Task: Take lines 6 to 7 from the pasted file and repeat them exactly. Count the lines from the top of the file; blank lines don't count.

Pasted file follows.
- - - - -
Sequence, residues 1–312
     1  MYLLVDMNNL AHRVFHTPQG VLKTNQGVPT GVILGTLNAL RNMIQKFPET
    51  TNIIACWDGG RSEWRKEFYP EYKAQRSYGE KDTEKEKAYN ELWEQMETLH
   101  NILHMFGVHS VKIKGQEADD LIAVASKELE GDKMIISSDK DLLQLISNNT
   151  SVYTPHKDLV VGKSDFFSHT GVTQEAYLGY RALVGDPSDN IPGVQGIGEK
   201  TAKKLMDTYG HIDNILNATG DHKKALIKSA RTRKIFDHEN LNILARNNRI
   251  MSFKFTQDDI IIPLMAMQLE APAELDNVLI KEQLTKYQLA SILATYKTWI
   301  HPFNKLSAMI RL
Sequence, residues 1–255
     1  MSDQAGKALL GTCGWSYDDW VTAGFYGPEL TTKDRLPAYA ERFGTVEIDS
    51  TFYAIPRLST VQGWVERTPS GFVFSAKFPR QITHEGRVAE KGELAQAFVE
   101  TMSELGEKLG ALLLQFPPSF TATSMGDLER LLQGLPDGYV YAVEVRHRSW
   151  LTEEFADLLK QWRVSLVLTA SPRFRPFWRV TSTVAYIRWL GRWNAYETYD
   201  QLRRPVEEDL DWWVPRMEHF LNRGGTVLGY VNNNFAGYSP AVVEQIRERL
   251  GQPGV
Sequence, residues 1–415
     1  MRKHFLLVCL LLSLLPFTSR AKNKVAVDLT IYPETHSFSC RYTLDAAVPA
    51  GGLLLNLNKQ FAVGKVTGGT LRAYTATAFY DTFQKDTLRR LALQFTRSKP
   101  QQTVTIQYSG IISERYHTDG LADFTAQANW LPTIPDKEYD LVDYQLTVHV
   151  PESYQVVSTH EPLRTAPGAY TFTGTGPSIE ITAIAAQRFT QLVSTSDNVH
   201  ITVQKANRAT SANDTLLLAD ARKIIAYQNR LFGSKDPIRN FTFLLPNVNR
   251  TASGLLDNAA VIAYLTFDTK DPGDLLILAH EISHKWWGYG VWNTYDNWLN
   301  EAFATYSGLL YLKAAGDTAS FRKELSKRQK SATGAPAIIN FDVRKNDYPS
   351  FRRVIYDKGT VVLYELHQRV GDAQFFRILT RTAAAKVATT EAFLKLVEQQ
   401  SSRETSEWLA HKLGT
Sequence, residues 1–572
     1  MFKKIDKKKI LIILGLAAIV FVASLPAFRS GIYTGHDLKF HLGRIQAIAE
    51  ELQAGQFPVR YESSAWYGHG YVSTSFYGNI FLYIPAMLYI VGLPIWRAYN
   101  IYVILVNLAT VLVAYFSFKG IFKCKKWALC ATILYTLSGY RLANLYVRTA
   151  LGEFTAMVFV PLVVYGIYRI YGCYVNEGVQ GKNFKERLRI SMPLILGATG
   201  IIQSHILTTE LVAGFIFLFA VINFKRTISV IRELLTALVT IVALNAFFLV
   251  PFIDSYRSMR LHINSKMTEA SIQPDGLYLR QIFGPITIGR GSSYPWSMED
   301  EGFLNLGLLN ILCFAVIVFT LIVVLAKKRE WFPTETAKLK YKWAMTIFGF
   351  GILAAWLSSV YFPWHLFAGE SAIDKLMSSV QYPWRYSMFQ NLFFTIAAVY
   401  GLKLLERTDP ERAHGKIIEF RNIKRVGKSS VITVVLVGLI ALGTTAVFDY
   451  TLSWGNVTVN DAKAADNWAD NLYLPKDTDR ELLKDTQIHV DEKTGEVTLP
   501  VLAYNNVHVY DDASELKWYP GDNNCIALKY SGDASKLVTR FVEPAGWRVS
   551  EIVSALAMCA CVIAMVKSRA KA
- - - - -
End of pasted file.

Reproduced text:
   201  TAKKLMDTYG HIDNILNATG DHKKALIKSA RTRKIFDHEN LNILARNNRI
   251  MSFKFTQDDI IIPLMAMQLE APAELDNVLI KEQLTKYQLA SILATYKTWI